JP: We’ve blamed black people for poverty. When the reality is if we’re going to do any blaming it needs to be against the agencies and the white institutions that took money from them essentially and have kept them in the position that they’re in now of being impoverished.
EW: We put a lot of pressure on the black community, on African-Americans to help teach us and to come out of our own kind of embedded racism. But we have to put forth more effort, as white Americans, to learn this on our own.
FBW: That mentality is, "You need to do something because I’m not a part of the problem." And the typical, often white response is, "Well, whether it was my ancestors or not, I wasn’t here, I wasn’t responsible for setting up the system." That’s true. But you benefit from the system.
JP: Maybe my government had some beneficial or kind reasons or logical reasons for doing what they did. Nonetheless, what they did has adversely affected black America. And I, as a white person realize that I am a person who got privilege as a result of what was taken from black people.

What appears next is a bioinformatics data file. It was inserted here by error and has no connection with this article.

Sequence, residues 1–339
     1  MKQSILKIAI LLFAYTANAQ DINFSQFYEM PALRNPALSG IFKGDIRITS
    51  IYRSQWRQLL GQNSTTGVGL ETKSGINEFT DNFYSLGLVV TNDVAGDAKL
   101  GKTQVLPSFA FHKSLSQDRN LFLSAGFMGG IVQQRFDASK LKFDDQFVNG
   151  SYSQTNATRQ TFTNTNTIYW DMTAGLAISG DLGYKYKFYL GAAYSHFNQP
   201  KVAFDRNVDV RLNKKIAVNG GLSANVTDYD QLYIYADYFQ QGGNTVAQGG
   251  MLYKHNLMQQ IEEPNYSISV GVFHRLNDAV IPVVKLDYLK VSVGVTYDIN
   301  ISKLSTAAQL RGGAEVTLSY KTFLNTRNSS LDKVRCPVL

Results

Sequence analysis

FBW: So you have a responsibility now, if you disagree with the unholy arrangement, then you can’t just call on people who are victimized by the system to be the solution. A large part of the solution is the people who have influence and power and who benefit. What that requires then, is that people give up privilege, which is difficult.
EW: We often say, "Oh that’s in the past." But it really is a fresh history that we can find solutions for today.
JP: I’m hopeful that our mayor will take some bold action and will come out with an executive order that tries in some way to repair the damage done.